Wow. There was an overwhelming vote in the reader comments last Friday when I discussed some difficulties of grocery shopping with my twin diseases, cancer and COPD, while wearing a mask, gloves and trying to keep appropriate distance from others in the store aisles.
A sampling from some of you, dear readers:
“I have been wondering, Ronnie, if you would be able to have supermarket shopping and pharmacy medications delivered?” ~ Betty Creek
“Another vote for delivery, here! Or accepting a volunteer's offer to shop for you.)” ~ Duchesse
“I will add my voice to the rest about online shopping, Ronnie, which is truly the safest of all ways to get our groceries.” ~ Karin
“And I'll pile on with all those counseling Ronni to have groceries delivered if at all possible.” ~ Salinda Dahl
“Grocery delivery is a wonderful thing. You might really like it.” ~ Linda Featheringill
“I'm with those who say they may stay forever with online grocery shopping and delivery-to-one's-door.” ~ Katie
To all of those above, along with others I haven't mentioned and anyone else who agrees with them, I stuck a toe in the delivery waters this week.
My supermarket does not deliver. There are others in my general vicinity that do deliver but I don't visit them frequently enough to know their inventory as well as my own market. My son, who lives about an hour's drive south of me, had in the past offered to shop for me but until this week I had declined.
Part of that is habit. Except for six years of marriage and another relationship of four years, I've lived alone all my adult life. I'm accustomed to doing it – whatever “it” is at any given time – myself and comfortable that way. I am uncomfortable with what can seem to me to be asking too much of another.
But this week, after having read your comments several times, I accepted when he offered again. I emailed a shopping list and he will deliver it all to my front door today.
Nevertheless, I also went shopping myself yesterday to pick up some items that are either house brands I like or other stuff I need to see before I buy – tomatoes, for example, avocados, and frozen food which I don't think should be sitting in a car for the hour drive before being stored.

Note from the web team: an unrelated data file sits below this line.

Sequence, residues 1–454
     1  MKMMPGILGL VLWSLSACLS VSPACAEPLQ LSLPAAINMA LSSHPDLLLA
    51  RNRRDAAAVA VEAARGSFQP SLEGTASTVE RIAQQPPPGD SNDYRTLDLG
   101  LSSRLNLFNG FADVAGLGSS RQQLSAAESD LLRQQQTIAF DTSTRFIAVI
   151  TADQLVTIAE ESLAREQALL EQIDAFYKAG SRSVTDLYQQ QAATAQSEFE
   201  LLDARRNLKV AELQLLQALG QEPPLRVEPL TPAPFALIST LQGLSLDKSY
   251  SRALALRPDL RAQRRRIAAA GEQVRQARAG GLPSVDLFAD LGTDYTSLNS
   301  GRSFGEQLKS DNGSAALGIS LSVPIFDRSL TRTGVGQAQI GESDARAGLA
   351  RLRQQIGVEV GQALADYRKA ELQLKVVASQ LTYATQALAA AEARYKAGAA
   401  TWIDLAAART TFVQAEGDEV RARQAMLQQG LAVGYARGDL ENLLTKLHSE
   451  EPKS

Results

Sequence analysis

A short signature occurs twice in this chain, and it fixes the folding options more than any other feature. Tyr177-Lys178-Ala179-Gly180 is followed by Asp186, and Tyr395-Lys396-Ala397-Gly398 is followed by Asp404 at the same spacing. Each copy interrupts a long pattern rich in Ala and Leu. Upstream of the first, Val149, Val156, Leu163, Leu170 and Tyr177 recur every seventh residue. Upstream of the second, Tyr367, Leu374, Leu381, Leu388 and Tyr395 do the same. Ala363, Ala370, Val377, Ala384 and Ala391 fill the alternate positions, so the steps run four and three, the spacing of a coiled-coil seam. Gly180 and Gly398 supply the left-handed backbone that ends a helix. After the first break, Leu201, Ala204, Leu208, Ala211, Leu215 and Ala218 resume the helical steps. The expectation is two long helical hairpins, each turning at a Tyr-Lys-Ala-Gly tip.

There were the usual issues: shoppers getting way too cozy in the aisles, empty shelves and my difficulty breathing through a mask – COPD makes that hard. But it was a great relief to have so little to carry in from the car.
One reader who commented on that post last week had a different take on grocery shopping that more closely matches my feelings about it:
”I've always enjoyed grocery shopping, a little less so now, and shop during the senior hours,” wrote NatashaM.
“I am visually stimulated. I make my own substitutions. I can be inspired by some terrific looking red peppers. I saw a delicious looking turkey meatloaf at the meat department of one store. Now, it's a regular item. I would've never seen the turkey meatloaf had I not shopped in person.”
I'm with you, NatashaM. Yesterday, I found an obscure brand of hand sanitizer at the market with 80 percent alcohol – the first I've seen of any kind in all the time since lockdowns were instituted.
And the deli counter had a new salad that looked delicious so I bought some of that. It was. Delicious, I mean.
Not to mention that I've been shopping there for nearly a decade and there are two employees who I've gotten to know after all those years and I always enjoy catching up with them for a few minutes.
Not to mention that we see few enough people in person in these days of quarantine and it feels good to be in the presence of others even if we can't see our smiles beneath our masks.
For those reasons, I'll continue to do some shopping myself but thanks to your responses last week, I think letting my son do that for me now and then will become a habit – if he doesn't mind.
Plus, I've gotten an important life lesson out of this. Well, I've always known it, I just haven't practice it much: recalling how good we all feel when we are able to do something nice for another person, and that we should give others that opportunity too when it's appropriate.